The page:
domicile is the place where one has the intention to return
to. Thus, an immigrant who executes an affidavit stating
his intent to return to the Philippines is considered a
resident of the Philippines for purposes of being qualified
as a voter (absentee voter to be exact). If the immigrant
does not execute the affidavit then he is not qualified as an
absentee voter.
The said provision should be harmonized. It could not
be the intention of Congress to allow COMELEC to
include the proclamation of the winners in the vice-
presidential and presidential race. To interpret it that way
would mean that Congress allowed COMELEC to usurp
its power. The canvassing and proclamation of the
presidential and vice presidential elections is still lodged in
Congress and was in no way transferred to the COMELEC
by virtue of RA 9189.


Government vs Monte de Piedad
On June 3, 1863 a devastating earthquake occurred in the
Philippines. The Spanish Dominions then provided
$400,000.00 as aid for the victims and it was received by the
Philippine Treasury. Out of the aid, $80,000.00 was left
untouched; it was then invested in the Monte de Piedad Bank
which in turn invested the amount in jewelries. But when the
Philippine government later tried to withdraw the said amount,
the bank cannot provide for the amount. The bank argued that
the Philippine government is not an affected party hence has no
right to institute a complaint. Bank argues that the government
was not the intended beneficiary of the said amount.

ISSUE: Whether or not the Philippine government is
competent to file a complaint against the respondent bank?

HELD: The Philippine government is competent to institute
action against Monte de Piedad, this is in accordance with the
doctrine of Parens Patriae. The government being the protector
of the rights of the people has the inherent supreme power to
enforce such laws that will promote the public interest. No
other party has been entrusted with such right hence as
parents of the people the government has the right to take
back the money intended for the people.


On February 25, 1986, President Corazon Aquino issued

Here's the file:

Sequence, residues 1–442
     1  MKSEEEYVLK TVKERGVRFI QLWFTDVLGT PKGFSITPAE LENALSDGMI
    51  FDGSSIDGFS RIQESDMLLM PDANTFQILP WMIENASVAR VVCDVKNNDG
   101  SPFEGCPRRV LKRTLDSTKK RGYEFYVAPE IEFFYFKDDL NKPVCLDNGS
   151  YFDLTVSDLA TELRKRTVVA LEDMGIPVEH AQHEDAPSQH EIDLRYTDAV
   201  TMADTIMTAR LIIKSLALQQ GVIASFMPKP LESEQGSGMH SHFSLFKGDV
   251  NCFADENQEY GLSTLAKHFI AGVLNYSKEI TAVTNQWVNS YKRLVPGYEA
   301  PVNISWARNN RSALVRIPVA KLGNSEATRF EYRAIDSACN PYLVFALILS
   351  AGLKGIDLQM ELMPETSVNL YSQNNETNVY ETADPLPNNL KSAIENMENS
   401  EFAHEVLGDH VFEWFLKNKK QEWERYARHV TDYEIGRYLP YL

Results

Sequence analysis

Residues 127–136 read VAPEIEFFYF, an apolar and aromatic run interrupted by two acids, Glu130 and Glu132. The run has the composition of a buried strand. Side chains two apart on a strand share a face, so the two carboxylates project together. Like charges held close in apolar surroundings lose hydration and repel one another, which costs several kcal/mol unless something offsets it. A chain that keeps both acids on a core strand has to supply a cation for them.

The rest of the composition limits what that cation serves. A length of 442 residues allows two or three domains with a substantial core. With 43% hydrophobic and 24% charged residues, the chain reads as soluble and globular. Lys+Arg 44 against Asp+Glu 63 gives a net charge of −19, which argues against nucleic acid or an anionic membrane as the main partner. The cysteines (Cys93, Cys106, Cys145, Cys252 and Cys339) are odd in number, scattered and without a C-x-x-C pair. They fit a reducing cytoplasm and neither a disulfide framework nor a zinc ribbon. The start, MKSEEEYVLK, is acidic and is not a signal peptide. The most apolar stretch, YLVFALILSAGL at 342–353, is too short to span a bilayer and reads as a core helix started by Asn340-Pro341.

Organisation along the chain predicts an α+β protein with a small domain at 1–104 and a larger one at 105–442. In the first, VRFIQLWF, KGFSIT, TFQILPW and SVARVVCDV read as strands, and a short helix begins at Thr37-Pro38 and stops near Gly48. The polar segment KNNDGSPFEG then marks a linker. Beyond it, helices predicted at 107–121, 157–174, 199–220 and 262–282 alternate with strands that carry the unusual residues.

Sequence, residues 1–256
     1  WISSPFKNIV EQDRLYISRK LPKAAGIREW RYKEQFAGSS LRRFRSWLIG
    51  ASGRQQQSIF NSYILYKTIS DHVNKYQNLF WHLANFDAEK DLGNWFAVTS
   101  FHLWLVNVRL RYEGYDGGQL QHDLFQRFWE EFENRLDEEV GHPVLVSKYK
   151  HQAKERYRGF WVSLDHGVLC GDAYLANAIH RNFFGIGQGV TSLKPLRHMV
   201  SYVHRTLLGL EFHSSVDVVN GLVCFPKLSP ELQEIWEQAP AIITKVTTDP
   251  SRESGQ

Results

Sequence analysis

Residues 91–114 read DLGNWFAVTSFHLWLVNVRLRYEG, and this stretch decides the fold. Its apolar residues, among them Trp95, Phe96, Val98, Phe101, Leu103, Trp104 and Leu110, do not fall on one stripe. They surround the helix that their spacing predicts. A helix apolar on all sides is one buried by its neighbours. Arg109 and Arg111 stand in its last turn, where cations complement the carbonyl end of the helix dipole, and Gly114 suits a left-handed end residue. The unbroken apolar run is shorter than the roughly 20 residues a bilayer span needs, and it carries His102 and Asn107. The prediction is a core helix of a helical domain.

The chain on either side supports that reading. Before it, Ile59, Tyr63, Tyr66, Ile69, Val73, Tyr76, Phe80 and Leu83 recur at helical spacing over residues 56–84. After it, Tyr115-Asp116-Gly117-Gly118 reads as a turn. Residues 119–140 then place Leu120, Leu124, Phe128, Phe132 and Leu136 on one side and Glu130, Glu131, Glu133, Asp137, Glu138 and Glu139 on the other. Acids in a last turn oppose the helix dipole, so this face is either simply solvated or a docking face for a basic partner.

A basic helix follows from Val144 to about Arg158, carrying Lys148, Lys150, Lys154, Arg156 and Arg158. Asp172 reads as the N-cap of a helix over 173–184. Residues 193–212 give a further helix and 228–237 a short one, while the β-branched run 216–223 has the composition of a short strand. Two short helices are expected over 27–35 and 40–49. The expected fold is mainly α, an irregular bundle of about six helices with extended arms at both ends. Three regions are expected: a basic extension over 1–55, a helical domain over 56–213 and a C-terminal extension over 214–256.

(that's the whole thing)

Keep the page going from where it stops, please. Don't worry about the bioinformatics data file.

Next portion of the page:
Proclamation No. 1 announcing that she and Vice President
Laurel were taking power.
On March 25, 1986, proclamation No.3 was issued
providing the basis of the Aquino government assumption
of power by stating that the "new government was installed
through a direct exercise of the power of the Filipino
people assisted by units of the New Armed Forces of the

Whether or not the government of Corazon Aquino is

Yes. The legitimacy of the Aquino government is not a
justiciable matter but belongs to the realm of politics where
only the people are the judge.

The Court further held that:
The people have accepted the Aquino government which
is in effective control of the entire country;
It is not merely a de facto government but in fact and
law a de jure government; and
The community of nations has recognized the legitimacy
of the new government.

On 6 Aug 1968, Macariola filed a complaint against Judge
Asuncion with acts unbecoming a judge. The judge
apparently bought a property (formerly owned by Macariola)
which was involved in a civil case decided by him; and on 31
Aug 1966, the Asuncion couples conveyed their share and
interest in the said property to The Traders Manufacturing and
Fishing Industries Inc. The act of Asuncion engaging in
commerce is said to be a violation of pars 1 & 5, Art 14 of the
Code of Commerce which prohibits judges in active service
(among others) to do so within the limits of the place where
they discharge their duties.

HELD: Art 14 (Anti Graft and Corrupt Practices Act,
effective Aug 1888) of the Code of Commerce, prohibiting
judges from engaging in commerce was political in nature and
so was automatically abrogated with the end of Spanish rule in
the country (Change of Sovereignty to the US by virtue of
cession, 1898).